Saturday, January 2, 2016

A Myrmecodia epihpyte

A Myrmecodia epiphyte with large tuber housing tiny ants
Location : Licuala Hill

Large tuber of the Myrmecodia epiphyte
 I was making a new trail at Zone I yesterday when I stumbled upon an epiphyte and as the name implies it was above me. This epiphyte belongs to the 'Myrmecophytes' family which is unique in its ability to accommodate ants in their big tubers. The epihphyte was about four meters above me growing on the tree with its roots built more for grasping the tree trunk than for taking in nourishment from the soil. There are many epiphytic plants in here such as orchids and ferns which occupy a niche in the forest not used by other plants.

The big tubers are normally colonised by ants. Ants and termites are important soil animals involved in the litter decomposition and nutrients recycling.  The tiny ants will scour the forest floor for insects corpses at night.  These they carry on their backs to their arboreal nest.  The dead insects are stored and used as compost by the ants to create their 'fungus garden' which they cultivate within the tuber.  The ants feed on the fungi while the epihphyte uses the nutrients released by the fungal growth.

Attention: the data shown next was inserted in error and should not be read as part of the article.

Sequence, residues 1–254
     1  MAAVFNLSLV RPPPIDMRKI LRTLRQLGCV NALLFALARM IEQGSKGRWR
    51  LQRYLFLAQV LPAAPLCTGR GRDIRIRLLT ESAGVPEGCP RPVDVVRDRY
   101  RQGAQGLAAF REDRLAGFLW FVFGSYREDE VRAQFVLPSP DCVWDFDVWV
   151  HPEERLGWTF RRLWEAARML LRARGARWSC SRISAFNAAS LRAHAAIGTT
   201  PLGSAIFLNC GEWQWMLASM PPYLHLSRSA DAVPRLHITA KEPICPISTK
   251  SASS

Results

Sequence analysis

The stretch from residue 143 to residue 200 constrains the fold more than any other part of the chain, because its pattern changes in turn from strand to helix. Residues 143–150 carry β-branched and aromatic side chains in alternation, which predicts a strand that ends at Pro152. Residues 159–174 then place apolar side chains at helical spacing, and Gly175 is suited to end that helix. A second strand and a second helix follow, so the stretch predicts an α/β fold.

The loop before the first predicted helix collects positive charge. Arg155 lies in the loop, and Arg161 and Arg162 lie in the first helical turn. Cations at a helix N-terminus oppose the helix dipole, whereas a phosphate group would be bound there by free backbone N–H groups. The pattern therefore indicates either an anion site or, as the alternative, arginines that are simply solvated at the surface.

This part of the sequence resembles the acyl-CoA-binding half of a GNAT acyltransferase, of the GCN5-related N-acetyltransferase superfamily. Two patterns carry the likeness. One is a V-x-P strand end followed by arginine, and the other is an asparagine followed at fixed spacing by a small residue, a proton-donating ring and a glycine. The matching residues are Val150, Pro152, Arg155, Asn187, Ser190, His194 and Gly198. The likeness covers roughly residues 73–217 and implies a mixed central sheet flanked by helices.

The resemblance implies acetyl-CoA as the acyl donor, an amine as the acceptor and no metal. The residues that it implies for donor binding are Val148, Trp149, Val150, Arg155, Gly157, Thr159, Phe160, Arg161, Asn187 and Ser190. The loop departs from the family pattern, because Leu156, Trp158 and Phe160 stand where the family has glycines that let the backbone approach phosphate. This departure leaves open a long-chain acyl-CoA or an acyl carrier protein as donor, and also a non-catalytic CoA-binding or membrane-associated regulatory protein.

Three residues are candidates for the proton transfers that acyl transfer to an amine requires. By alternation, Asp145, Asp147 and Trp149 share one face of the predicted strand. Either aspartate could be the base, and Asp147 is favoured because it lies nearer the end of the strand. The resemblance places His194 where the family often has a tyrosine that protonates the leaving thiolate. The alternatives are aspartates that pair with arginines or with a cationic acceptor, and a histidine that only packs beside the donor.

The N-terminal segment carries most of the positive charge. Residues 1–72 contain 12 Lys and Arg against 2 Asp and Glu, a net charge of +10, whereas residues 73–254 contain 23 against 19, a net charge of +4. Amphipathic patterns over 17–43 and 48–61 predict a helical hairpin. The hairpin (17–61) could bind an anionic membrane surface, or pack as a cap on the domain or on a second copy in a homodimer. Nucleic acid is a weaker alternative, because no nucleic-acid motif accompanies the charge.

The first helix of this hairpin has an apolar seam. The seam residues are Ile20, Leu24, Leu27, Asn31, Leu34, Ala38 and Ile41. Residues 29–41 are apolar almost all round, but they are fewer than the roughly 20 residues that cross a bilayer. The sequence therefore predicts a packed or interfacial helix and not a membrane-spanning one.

Ants and termites will scour the forest floor at night for dead insects to bring home to their arboreal nest.